It may seem that way from an adult viewpoint, but young children – it is helpful to speak directly with some of them – are a great deal more matter-of-fact about things. For them, Wikipedia is not a marvel of instant information access: it has as much and as little importance in everyday life as the Encyclopedia Britannica did for earlier generations. The computer-in-your-pocket-or-purse known as a smartphone is not a piece of astonishment, as it can be for those who remember floppy discs (five-and-a-quarter-inch or even eight-inch ones): it is simply there, a bit of everyday life as commonplace as pens and pencils carried in pockets and purses used to be. There is a fundamental disconnect between the well-meaning and worried authors of books such as Graber’s and the young people they are worried about – the inevitable conflict between what are really two different worlds and, as a result, two different worldviews.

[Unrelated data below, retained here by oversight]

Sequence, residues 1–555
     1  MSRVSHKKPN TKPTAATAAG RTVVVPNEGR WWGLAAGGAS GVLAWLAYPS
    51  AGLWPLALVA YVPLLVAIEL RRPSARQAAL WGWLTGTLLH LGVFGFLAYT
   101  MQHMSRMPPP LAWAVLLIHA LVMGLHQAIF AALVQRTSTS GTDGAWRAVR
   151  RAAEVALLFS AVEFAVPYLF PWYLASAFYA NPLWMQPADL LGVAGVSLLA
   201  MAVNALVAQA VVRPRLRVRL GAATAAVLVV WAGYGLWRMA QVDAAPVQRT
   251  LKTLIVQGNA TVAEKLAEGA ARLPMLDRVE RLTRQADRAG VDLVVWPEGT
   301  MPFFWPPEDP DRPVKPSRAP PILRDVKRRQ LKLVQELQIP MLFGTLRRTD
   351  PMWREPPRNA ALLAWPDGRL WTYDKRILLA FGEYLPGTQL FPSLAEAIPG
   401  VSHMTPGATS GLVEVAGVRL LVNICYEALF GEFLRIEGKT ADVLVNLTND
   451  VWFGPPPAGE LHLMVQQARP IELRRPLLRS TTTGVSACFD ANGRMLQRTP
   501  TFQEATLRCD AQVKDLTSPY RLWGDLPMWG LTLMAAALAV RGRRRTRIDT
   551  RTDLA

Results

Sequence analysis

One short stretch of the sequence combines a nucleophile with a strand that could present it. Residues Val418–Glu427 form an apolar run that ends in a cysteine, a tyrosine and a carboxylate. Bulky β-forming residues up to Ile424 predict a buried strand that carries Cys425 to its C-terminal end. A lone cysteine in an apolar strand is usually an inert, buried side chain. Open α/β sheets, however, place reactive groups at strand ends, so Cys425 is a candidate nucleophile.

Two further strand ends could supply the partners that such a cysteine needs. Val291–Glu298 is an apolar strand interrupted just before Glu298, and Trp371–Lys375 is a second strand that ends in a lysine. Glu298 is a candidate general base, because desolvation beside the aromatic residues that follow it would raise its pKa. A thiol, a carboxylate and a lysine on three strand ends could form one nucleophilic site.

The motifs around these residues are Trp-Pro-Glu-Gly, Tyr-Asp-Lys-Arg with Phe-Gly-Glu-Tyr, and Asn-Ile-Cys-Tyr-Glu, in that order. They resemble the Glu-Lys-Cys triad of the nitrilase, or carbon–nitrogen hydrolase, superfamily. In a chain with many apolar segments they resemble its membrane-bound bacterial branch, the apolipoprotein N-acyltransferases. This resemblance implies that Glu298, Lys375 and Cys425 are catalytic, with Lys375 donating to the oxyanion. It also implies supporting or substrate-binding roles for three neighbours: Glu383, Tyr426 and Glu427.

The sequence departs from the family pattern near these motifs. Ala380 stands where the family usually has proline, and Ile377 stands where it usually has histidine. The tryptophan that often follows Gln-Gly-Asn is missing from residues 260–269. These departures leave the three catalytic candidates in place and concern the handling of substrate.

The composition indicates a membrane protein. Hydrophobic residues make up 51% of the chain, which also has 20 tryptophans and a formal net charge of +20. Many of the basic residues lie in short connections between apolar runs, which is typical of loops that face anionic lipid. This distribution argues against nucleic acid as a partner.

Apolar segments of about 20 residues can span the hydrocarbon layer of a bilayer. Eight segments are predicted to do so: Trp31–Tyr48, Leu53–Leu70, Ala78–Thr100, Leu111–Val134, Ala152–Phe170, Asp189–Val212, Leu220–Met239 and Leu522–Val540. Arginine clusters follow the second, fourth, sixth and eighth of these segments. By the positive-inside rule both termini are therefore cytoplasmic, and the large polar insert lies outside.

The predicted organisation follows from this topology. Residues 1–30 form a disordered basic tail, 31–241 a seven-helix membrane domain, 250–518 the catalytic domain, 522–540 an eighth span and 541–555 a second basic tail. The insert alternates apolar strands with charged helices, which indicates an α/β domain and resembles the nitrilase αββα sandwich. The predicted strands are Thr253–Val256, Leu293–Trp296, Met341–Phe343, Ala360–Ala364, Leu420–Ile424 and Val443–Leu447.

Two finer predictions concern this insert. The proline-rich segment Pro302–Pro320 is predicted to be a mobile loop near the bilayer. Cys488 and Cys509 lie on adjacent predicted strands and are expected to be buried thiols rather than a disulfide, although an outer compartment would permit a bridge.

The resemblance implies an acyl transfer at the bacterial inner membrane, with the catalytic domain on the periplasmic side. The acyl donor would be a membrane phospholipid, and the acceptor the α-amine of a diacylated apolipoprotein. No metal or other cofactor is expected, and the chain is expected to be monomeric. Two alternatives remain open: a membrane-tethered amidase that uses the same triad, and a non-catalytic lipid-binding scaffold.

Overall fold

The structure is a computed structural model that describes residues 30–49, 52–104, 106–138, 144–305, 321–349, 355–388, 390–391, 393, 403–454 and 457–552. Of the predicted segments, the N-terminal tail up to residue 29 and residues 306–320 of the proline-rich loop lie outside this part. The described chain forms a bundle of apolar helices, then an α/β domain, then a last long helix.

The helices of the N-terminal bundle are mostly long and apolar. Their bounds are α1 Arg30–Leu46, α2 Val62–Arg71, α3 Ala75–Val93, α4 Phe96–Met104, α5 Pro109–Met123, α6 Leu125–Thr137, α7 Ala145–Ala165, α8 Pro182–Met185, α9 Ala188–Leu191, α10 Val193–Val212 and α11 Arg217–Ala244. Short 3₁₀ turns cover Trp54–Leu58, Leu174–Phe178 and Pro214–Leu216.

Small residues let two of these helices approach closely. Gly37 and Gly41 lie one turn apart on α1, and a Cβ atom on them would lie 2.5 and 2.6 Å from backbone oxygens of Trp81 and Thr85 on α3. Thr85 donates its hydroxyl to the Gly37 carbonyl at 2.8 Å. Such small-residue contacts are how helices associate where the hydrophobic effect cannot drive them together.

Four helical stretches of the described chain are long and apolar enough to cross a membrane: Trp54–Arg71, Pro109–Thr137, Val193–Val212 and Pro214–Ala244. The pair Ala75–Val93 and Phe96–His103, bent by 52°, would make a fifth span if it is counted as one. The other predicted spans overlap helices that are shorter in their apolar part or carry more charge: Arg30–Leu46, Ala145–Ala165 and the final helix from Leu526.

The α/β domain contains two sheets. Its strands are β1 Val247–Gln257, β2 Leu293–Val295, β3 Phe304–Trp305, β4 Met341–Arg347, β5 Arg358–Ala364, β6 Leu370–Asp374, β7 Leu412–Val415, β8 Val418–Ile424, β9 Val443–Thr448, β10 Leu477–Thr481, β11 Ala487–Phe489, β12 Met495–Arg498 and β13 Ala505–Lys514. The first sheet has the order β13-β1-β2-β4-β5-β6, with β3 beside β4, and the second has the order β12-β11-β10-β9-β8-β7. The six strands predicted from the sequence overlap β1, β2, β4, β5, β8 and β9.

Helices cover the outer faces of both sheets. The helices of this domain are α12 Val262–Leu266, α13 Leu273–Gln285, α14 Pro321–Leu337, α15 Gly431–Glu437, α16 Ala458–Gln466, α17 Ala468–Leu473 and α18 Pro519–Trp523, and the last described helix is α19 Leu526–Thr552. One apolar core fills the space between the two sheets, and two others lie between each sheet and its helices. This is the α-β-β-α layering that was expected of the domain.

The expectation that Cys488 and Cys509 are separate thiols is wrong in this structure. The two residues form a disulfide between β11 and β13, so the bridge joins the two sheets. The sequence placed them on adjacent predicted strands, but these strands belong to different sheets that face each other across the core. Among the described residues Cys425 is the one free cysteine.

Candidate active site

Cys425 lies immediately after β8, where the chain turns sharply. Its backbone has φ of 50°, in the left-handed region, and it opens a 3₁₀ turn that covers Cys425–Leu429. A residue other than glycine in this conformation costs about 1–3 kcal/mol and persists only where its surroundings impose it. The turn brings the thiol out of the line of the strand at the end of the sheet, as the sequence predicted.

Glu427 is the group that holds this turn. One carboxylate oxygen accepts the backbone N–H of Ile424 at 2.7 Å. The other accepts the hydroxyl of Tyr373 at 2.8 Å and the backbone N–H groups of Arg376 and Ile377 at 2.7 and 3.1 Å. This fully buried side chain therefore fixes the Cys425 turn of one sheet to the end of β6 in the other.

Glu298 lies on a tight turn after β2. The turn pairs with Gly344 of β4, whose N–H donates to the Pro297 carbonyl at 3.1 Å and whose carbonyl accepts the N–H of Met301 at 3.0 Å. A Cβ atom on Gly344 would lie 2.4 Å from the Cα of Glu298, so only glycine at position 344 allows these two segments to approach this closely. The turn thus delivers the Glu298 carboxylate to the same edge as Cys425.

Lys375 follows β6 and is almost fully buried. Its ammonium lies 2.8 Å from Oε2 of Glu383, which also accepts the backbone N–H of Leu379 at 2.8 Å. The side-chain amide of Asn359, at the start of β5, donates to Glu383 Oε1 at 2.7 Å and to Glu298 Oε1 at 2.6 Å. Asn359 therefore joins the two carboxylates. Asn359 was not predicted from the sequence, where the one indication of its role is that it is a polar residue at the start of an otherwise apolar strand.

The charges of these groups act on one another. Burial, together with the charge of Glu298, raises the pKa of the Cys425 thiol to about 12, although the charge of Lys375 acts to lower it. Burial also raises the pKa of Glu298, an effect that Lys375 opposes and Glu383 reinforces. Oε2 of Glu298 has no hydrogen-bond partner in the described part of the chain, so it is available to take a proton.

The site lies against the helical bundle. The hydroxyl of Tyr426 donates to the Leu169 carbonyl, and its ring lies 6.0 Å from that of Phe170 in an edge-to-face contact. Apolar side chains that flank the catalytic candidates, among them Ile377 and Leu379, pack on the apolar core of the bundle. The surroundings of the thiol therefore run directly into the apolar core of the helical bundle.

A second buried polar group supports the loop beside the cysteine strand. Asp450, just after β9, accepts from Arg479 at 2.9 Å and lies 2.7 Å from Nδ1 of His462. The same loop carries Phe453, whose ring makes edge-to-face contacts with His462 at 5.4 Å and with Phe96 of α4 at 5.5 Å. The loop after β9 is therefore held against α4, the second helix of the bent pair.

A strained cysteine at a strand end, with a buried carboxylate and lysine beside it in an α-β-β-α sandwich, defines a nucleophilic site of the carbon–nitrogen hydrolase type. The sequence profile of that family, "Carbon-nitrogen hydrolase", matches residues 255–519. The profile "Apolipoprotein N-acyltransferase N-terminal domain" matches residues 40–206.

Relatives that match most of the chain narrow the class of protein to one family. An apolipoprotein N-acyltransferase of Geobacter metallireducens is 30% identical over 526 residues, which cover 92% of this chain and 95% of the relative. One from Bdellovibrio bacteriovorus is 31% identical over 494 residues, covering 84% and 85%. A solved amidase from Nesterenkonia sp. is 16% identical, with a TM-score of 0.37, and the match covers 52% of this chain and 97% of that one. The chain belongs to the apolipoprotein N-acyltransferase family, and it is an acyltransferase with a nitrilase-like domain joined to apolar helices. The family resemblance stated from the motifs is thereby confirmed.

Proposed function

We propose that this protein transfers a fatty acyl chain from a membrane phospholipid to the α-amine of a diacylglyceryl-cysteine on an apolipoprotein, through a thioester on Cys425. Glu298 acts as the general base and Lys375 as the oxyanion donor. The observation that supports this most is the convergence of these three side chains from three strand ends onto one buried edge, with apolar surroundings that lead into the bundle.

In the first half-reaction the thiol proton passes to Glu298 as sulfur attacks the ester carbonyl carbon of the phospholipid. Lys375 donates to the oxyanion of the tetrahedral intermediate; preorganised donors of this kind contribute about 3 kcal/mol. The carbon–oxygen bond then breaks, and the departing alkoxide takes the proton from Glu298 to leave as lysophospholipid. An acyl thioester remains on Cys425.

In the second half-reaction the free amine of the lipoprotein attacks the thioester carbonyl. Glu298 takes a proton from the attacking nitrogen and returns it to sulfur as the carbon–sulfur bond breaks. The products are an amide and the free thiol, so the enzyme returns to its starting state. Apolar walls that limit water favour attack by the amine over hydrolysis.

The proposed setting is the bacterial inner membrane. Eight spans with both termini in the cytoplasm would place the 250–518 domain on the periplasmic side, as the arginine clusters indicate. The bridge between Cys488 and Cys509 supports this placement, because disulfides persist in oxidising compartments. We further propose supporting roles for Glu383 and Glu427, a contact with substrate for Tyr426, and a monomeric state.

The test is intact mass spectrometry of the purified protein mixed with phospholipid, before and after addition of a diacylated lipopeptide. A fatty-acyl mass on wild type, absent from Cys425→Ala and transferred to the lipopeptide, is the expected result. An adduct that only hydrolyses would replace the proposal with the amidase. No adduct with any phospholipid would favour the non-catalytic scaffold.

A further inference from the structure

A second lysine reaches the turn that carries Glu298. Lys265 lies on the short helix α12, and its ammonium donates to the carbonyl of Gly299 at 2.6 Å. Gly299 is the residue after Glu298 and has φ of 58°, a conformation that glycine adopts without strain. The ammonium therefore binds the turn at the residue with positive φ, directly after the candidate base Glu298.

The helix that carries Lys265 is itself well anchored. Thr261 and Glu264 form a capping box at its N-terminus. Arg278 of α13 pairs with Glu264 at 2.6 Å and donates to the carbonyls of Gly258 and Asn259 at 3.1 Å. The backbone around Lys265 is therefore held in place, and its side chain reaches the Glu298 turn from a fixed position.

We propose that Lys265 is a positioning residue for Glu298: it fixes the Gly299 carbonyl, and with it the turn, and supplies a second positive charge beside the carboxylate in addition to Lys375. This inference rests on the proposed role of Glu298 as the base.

That said, parents certainly have a role to play in the digital age, as in all prior ages, and the parental concerns with which Graber deals are legitimate ones that are not, at their core, very different from the concerns that parents have had since time immemorial: show children how to negotiate elements of the world with which they are not familiar, warn them about possible hidden dangers, protect them against bad people and bad circumstances with which they may unwittingly become involved, and help them grow into adults who use their tools (in contemporary times, digital tools) responsibly. Indeed, one of Graber’s most salient points is that the Internet and all the means of using it are, collectively, tools – a view that it may not be easy to put across to children, for whom they are something closer to a basic landscape of life. For example, Graber, founder or co-founder of several online and school-based digital-literacy programs, wants kids to use technologically enabled communication as a means of strengthening real-world relationships; but today’s children are more likely to see tech connection as the norm and real-world interaction as a necessity (in school, for instance) that is not inherently better or more useful than the digital type. The difference between the two forms of interacting, so clear to parents, is largely meaningless to today’s children.